Former Vice President Mike Pence comes to campus

Delivers keynote speech at the 34th annual Ashbrook Memorial Dinner

Brayden Creveling, Reporter

Securing America’s future will be won in the nation’s classroom, former Vice
President Mike Pence told the crowd at the annual fund-raising dinner for
Ashland University’s Ashbrook Center Friday Oct. 29.
“We need to make a movement that will teach the Constitution to our young
people,” Pence said. “Our agenda must require that patriotic education is
essential for classrooms around America.”
Sikkenga agreed with Pence’ that the younger generation of students should be
required to learn about American government
“Only one-fourth of high school students are knowledgeable about civic
education. That ultimately means three-fourths of highschoolers need to be more
educated about our government,” Sikkenga said.
“We are only one president like Abraham Lincoln or Ronald Raegan away from a
real culture change to our republic,” Sikkenga said.
To the delight of the crowd of more than 500, Pence used one of his most
famous lines to start his speech: “I’m a Christian, a conservative, and a
Republican in that order.”
“The foundation of America is freedom… and the foundation of freedom is faith,”
he said.
Pence served as vice president of the United States with President Donald
Trump from 2017-2021. Pence described serving as vice president as “the
greatest honor of my life.”
“To be vice president of the United States, that feeling is indescribable,” Pence
said.“President Trump is one of a kind….he has changed the 21st Century and
there is no looking back,” Pence said, adding that he privately thanked President
Trump for making his generation believe in America again.

In four short years, Pence said he and Trumphad the unemployment numbers at
an all time low, had the most pro-American trade deal, and built the strongest
military in the world and speeded he creation of the COVID-19 vaccine, all while
dealing with constant media criticism.

Despite Trump’s losing his re-election bid, Pence said he still has confidence in
conservatives and the Republican Party. “We are going to win it all back,” Pence
Pence talked about the negative changes in “nine short months,” referring to the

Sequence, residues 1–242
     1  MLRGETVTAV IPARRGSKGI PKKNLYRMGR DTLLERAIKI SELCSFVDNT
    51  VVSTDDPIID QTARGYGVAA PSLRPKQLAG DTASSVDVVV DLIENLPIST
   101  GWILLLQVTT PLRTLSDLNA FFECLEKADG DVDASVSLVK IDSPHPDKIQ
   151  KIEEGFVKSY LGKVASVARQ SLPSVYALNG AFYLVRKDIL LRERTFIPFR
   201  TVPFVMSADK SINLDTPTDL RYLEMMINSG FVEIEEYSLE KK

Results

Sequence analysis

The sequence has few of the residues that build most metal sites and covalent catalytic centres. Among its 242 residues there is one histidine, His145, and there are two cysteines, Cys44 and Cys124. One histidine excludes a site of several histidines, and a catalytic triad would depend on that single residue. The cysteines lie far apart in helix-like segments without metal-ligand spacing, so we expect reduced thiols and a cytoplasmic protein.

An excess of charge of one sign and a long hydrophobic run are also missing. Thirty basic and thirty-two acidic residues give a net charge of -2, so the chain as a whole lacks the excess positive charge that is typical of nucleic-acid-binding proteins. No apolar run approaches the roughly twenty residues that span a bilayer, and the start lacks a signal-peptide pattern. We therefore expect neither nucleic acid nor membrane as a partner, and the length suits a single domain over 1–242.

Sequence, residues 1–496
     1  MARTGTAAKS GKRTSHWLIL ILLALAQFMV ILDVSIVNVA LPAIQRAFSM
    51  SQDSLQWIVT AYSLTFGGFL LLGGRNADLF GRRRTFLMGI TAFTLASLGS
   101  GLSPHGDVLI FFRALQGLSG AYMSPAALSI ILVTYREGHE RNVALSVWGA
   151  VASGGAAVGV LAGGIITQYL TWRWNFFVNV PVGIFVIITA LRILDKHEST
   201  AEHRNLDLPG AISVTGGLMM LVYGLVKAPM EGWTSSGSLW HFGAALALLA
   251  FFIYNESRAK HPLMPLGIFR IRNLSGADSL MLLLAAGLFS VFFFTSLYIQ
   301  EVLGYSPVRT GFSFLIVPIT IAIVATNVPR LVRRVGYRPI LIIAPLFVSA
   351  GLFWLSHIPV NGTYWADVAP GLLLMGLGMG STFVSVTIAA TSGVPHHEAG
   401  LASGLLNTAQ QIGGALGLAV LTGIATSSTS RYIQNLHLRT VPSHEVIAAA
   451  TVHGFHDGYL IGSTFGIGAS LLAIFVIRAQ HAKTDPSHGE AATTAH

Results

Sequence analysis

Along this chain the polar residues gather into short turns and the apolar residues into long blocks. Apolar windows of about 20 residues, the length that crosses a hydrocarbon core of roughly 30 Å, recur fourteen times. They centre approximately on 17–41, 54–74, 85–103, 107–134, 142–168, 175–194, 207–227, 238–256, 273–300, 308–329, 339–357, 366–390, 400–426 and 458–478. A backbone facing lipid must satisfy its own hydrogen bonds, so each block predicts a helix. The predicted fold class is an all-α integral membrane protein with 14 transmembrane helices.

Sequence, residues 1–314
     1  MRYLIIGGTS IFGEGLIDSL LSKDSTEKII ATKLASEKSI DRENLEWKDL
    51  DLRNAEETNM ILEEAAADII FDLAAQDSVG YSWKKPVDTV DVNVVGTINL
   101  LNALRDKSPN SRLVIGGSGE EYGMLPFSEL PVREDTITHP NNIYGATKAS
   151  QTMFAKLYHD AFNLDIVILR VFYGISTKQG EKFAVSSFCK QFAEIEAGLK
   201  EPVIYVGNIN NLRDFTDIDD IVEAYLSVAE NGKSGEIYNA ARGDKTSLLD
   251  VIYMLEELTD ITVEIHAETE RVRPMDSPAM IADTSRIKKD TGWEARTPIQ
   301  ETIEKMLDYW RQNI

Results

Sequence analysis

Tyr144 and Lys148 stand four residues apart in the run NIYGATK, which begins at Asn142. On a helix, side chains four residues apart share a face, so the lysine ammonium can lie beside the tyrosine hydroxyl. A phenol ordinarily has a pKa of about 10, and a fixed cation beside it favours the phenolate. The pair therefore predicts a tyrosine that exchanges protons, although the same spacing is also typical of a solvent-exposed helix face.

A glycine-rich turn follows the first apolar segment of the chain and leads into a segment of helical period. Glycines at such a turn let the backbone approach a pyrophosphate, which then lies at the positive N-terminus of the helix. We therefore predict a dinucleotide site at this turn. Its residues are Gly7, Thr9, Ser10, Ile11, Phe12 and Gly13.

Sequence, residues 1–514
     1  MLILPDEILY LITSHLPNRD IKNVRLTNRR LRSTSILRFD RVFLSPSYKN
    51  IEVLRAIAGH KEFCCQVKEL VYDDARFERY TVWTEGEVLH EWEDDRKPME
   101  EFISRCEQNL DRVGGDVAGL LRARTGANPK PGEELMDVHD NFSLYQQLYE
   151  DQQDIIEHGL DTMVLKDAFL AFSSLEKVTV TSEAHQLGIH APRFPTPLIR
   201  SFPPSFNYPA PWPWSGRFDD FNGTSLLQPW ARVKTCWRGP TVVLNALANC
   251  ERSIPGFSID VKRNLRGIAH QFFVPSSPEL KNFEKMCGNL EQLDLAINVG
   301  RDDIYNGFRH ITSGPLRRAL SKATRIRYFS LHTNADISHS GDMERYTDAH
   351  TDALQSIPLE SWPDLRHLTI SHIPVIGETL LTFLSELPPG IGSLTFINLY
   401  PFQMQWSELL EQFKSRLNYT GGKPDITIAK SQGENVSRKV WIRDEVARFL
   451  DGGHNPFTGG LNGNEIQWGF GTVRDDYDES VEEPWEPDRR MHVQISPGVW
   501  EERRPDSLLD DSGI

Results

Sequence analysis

time that current President Joe Biden and Vice President Kamala Harris have
spent in office, wiping away all that Trump had done for America.
While Biden has been in office, Pence said there have been loss of control at the
U.S. border withMexico, rising inflation, pulling troops from Afghanistan while
putting other troops in risk of harm, and gas prices higher than they ever were
during Trump’s presidential term.
“The action in Afghanistan will never stand over or diminish what our military and
troops stand for,” Pence said. “We also have to stand for our women and men
who are the thin blue line of law enforcement.”
Pence reflected on how he started out in politics just being a small town boy from
southern Indiana. In middle school, he was a student government leader for the
Democrat Party but idolized Ronald Raegan and the “Reagan Revolution” which
caused him to become a Republican.
“There I was at s16 years old in the library pouring over books preparing for a
speech about the Constitution….and there I fell in love with politics,” Pence said.
Mike Pence said he dreamed of being in Congress and he said the best kept
secret is there are great women and men in Washington D.C. fighting for the
greater good of the country.

“The voice I would have and the idealism inspired me to be a part of making
America great again,” Pence said. “America, a place where anybody can become
anybody and you can live the dream.”
Pence left the Ashbrook Scholars with one last piece of advice.”If you are
inspired to lead and want to change this great nation….learn the foundation and
why America is great.”